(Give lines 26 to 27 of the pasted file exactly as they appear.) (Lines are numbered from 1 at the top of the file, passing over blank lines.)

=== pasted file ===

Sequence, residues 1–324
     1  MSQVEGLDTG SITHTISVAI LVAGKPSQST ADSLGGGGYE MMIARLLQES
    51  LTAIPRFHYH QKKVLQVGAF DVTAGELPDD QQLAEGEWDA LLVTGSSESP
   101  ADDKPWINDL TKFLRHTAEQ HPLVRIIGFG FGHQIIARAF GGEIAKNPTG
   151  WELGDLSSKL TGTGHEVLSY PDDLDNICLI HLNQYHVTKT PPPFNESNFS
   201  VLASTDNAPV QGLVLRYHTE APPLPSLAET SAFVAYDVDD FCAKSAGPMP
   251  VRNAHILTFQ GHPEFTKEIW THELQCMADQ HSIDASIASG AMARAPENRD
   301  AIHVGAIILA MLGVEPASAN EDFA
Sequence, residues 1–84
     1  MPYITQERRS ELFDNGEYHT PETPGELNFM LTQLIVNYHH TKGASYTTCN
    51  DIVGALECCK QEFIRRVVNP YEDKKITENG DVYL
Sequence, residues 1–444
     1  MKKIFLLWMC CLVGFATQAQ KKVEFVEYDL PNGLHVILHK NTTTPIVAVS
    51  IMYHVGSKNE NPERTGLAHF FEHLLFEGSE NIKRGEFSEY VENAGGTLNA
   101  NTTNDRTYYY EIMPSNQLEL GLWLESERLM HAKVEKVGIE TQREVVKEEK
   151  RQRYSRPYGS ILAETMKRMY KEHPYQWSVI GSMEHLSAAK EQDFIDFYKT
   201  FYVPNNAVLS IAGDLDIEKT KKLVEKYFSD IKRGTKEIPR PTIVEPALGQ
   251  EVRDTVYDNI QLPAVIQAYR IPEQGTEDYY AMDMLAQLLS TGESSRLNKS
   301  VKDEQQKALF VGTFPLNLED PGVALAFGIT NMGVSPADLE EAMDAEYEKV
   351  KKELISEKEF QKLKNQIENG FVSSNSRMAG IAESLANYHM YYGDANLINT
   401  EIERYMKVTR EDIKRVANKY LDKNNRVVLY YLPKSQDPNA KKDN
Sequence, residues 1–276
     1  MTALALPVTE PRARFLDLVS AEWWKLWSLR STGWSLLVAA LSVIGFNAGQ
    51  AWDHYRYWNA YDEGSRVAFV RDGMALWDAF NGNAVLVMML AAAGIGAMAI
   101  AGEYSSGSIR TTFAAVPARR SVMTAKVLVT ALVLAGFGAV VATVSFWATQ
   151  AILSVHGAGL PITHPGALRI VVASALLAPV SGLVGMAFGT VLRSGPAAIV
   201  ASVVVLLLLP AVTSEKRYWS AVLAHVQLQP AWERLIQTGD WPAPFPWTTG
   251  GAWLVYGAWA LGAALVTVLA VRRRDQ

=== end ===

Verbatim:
   151  AILSVHGAGL PITHPGALRI VVASALLAPV SGLVGMAFGT VLRSGPAAIV
   201  ASVVVLLLLP AVTSEKRYWS AVLAHVQLQP AWERLIQTGD WPAPFPWTTG